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                      • #12
                        Originally posted by 538280
                        We all know James doesn't always follow his system. His rating system shows Bando ahead of at least 3 players ahead of him (Darrell Evans, Paul Molitor, Brooks Robinson), and Bando beats Boyer on every one of the WS elements.

                        I think Bando gets a bad rap too for being the captain of the "Swinging A's". In reality, he was about as good a captain as the team could have possibly had. He kept them under control, and kind of served as a spokesman for the team with their owner, Charlie Finley. I said this in another post:

                        Bando was one of the greatest intangible players of all time. He was the leader of the Oakland A's who won three straight championships 1972-1974 and helped to keep the team together during some of their famed brawls. Reggie Jackson in his autobiography talks at some length about how great Bando was for the team and how he kept everyone focused on their goals-winning the World Series. To quote him:

                        "Sal Bando was the Godfather. Capo di capo. Boss of all bosses on the Oakland A's. We all had our roles, we all contributed, but Sal was the leader and everyone knew it. He didn't make a big deal out of it, but when something needed to be said, he said it."

                        Bando was the leader of the team. Without him, the A's wouldn't have been the same. The Baseball Page calls him "the glue that held the A's together".

                        Where do I rank Bando? For a long time I've had him 8th among 3Bmen, and I haven't seen a great argument for why I should lower him. I think Bando had one hell of a peak, and was one of the greatest intangible players of all time. Maybe a HOFer, but maybe not. I don't see Boyer being as good, but that's just me.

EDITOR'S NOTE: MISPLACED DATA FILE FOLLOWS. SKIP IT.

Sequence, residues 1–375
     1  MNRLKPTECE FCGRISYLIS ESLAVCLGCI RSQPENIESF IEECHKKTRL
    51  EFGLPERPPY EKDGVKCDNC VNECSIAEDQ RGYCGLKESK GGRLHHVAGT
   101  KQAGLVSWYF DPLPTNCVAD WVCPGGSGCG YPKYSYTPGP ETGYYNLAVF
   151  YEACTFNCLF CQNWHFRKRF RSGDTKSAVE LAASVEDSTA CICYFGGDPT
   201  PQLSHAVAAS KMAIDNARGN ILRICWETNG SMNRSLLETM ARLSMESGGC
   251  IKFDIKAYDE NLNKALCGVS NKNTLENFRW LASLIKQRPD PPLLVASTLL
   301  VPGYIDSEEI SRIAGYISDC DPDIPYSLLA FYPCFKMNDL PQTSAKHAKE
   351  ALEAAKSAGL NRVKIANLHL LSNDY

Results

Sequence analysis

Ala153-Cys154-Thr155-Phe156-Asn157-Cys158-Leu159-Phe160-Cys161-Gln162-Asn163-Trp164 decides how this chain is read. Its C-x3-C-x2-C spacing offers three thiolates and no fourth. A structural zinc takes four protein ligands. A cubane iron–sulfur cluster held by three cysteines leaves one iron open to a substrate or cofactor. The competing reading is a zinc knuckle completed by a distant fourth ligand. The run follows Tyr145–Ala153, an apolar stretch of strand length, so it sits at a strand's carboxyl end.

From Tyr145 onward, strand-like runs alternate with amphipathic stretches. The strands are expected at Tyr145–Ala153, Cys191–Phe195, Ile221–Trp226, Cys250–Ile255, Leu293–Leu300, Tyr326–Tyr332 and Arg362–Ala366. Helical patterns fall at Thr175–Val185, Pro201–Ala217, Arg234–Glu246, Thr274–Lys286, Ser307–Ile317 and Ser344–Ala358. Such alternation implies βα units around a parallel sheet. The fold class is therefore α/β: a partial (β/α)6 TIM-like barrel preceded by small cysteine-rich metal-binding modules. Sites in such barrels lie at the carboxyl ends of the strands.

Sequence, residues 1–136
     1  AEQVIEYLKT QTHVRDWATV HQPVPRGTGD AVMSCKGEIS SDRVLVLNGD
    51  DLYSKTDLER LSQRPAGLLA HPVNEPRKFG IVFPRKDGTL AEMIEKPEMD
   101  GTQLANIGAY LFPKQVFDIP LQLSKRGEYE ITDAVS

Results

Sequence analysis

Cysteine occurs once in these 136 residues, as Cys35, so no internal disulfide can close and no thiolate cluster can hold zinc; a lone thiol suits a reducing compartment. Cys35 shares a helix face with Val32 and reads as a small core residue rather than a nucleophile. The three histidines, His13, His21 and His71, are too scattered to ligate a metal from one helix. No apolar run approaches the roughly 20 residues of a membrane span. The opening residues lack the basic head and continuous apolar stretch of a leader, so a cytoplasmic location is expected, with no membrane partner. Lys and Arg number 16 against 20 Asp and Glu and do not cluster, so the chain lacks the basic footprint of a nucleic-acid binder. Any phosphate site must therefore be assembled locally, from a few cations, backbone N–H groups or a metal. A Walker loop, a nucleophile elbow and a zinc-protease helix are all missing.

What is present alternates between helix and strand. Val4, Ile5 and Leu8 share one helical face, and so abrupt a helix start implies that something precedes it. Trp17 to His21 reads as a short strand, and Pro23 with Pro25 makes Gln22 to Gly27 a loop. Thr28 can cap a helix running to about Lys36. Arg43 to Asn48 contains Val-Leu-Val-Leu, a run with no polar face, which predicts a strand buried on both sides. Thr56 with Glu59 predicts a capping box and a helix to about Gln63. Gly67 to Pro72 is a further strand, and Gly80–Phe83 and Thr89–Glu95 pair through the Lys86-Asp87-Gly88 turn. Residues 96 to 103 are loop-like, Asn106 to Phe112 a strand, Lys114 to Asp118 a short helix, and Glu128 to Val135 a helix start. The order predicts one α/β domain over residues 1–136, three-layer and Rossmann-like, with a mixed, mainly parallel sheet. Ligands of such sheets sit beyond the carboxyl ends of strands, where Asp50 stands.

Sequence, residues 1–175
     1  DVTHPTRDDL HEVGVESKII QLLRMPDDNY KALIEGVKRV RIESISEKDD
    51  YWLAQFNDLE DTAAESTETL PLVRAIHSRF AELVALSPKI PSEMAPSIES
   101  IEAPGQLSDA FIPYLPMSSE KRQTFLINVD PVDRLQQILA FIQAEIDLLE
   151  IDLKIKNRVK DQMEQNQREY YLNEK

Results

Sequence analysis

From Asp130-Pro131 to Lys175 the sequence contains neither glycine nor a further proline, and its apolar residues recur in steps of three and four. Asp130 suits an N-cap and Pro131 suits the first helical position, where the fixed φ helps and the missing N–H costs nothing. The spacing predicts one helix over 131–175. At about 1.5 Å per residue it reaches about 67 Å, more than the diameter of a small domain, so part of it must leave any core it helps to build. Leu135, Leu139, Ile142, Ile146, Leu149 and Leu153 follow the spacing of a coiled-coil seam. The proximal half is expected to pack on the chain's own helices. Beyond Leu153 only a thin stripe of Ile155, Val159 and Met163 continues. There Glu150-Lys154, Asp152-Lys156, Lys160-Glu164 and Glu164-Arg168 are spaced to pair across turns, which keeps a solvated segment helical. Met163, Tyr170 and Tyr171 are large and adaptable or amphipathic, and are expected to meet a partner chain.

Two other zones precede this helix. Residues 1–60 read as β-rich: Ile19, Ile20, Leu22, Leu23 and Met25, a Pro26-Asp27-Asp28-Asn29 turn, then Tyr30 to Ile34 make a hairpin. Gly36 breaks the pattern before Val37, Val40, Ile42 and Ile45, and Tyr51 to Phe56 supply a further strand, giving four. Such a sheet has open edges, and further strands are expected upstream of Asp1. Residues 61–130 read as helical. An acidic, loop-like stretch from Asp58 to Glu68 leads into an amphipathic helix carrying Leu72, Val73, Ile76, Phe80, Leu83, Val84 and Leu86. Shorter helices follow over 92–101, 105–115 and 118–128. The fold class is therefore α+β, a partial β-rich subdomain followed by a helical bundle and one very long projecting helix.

Interesting post. In light of our recent conversations about Derek Jeter, I was wondering if you award him any intangible/leadership points?

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                        • #13
                          I've got Boyer four whole spots above Bando
                          Mythical SF Chronicle scouting report: "That Jeff runs like a deer. Unfortunately, he also hits AND throws like one." I am Venus DeMilo - NO ARM! I can play like a big leaguer, I can field like Luzinski, run like Lombardi. The secret to managing is keeping the ones who hate you away from the undecided ones. I am a triumph of quantity over quality. I'm almost useful, every village needs an idiot.
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                          • #14
                            Originally posted by DoubleX
                            Interesting post. In light of our recent conversations about Derek Jeter, I was wondering if you award him any intangible/leadership points?
                            I personally don't care much for Jeter, because I'm sick of hearing on ESPN the "Captain Courage" type crap. But, Jeter has been the captain of the Yankees, and a very good intangible player. He should receive some credit for that.

                            But, I don't see Jeter getting the kind of credit Bando does. Bando was an outspoken leader, the guy who kept a gang of crazy personailities together and winning. He kept the feuds with Finley a separte issue to playing the game, and kept his teammates focused. While Jeter has been a good captain, I don't think he's the kind of leader Bando was. I just can't see Jeter leading a group like the '72-'74 A's.

                            I do have another question-would anyone else consider Bando to be a HOF quality player? He's been a player I've been looking at for some time, and I just think his great playing as well as his role as the leader of one of the greatest teams of all time may make him a good HOF choice. He doesn't seem to generate much attention though. IMO, Bando's a full notch better than Ken Boyer, who seems to get lots of attention in that regard. So I'm just wondering
                            Last edited by 538280; 03-15-2006, 10:57 AM.

                            Comment


                            • #15
                              Originally posted by Tigerfan1974
                              What about Ron Cey? Do y'all think he would be close to these two?
                              I made a long post comparing them a while back. They're extremely similar players really, but Bando was much better at his best. Here's the post:

                              I thought it would be fun to take a look at and compare two very similar players who get very little press even here at BBF and are always underrated and overlooked.